Jesus Girls (Paperback)
True Tales of Growing Up Female and Evangelical (Experiences in Evangelicalism)
Cascade Books, 9781606085417, 224pp.
Publication Date: September 1, 2009
List Price: 28.00*
* Individual store prices may vary.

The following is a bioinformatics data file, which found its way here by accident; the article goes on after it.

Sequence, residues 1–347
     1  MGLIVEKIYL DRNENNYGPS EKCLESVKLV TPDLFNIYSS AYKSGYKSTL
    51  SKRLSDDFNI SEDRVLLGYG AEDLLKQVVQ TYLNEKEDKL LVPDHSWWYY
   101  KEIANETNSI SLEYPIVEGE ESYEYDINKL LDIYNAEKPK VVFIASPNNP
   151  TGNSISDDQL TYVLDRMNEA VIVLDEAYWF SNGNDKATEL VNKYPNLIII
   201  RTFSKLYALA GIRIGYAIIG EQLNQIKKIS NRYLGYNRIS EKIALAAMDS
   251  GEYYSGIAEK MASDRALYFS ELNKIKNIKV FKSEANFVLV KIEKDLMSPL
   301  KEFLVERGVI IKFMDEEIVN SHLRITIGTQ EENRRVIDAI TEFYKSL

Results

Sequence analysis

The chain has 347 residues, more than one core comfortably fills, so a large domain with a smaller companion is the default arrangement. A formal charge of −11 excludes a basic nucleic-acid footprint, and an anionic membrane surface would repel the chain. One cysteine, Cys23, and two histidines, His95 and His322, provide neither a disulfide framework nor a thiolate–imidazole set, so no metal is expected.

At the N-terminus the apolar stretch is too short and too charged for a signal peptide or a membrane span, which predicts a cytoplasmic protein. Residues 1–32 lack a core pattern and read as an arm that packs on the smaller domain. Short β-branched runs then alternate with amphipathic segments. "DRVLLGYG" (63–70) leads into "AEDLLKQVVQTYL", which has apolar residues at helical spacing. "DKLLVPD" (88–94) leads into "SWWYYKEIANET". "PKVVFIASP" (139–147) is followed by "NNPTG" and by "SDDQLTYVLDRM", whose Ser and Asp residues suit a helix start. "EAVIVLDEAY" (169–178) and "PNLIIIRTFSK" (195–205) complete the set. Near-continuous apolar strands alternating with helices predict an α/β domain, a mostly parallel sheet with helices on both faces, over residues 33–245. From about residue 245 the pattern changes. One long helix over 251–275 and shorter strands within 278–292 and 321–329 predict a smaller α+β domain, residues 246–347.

Description: Evangelicals are supposed to be experts at telling their story. From an early age you are expected to have a ""testimony,"" a story of how God saved you from a life of sin and sadness and gave you a new life of joy and gladness. What happens if you don't have such a testimony? What if your story just doesn't fit the before-and-after mold? What are you supposed to do if your voice is not one usually heard? In these offbeat, witty, and often bittersweet essays, up-and-coming writers tell the truth about growing up female and evangelical. Whether they stayed in the church or not, evangelicalism has shaped their spiritual lives. Eschewing evangelical clich's, idyllic depictions of Christian upbringing, and pat formulas of sinner-to-saint transformation, these writers reflect frankly on childhoods filled with flannel board Jesuses, Christian ""rap"" music, and Bible memorization competitions. Along the way they find insight in the strangest places--the community swimming pool, Casey Kasem's American Top 40, and an Indian mosque. Together this collection of essays provides a vivid and diverse portrait of life in the evangelical church, warts and all. List of Contributors: Jessica Belt Paula Carter Kirsten Cruzen Anne Dayton Kimberly B. George Carla-Elaine Johnson Megan Kirschner Anastasia McAteer Melanie Springer Mock Audrey Molina Victoria Moon Shauna Niequist Hannah Faith Notess Andrea Palpant Dilley Angie Romines Andrea Saylor Nicole Sheets Shari MacDonald Strong Stephanie Tombari Heather Baker Utley Jessie van Eerden Sara Zarr Endorsements: ""Written by experienced women writers from diverse evangelical Christian backgrounds, the tales are honest, approachable and revealing. Each author has put aside her inhibitions about exposing the flaws of her home church--from power struggles to the indoctrination of shame--and takes evangelicalism to task for its 'carefully filtered' yet ambiguous conventions. Yet all of the authors tell of a more realistic, meandering faith, enduring even while rife with doubt. Readers will be inspired to re-examine their own beliefs and perhaps even create their own un-testimonies."" -- Publishers Weekly ""OK, male Evangelicals . . . it's time: you need to listen to your sisters, mothers, and daughters. Their voices have been marginalized for too long, and as you'll see in these pages, they have some tremendous stories to tell (or 'testimonies to share'). ""OK, female Evangelicals . . . it's time: spread the word on this amazing collection of essays. I've never seen anything like it, and I think you'll agree. ""OK, non-Evangelicals . . . it's time: if you thought all Evangelical women were sitting quietly in church or baking casseroles for the next pot-luck, all the while dreaming of the next election in which they can vote right-wing . . . here's a jolt and a pleasant surprise for you. Another great collection of deep feeling, honest thinking, and splendid writing from the folks at The Other Journal."" --Brian D. McLaren, author of The Secret Message of Jesus ""Since the Puritans, spiritual autobiography has thrived in the New World. These women show that the American conversion testimony is endlessly resilient, as they break and remake it again and again. There's a wild range of piety here, but the authors do believe in the possibilities of narrative. Intelligent and sensitive, their essays brilliantly shatter the born-again-bimbo stereotype "" --Julia Spicher Kasdorf, author of The Body and the Book: Writing from a Mennonite Life ""A marvelous writer herself, Hannah Notess has gathered here a circle of riveting storytellers. Speaking from their own experience, these women reframe the ancient religious questions in contemporary language--questions about suffering, sin, and salvation, about the source and purpose and conduct of life. Above all they ask what Christianity meant to them when they were growing up, and what it means to them now. Their answers are as varied and rich.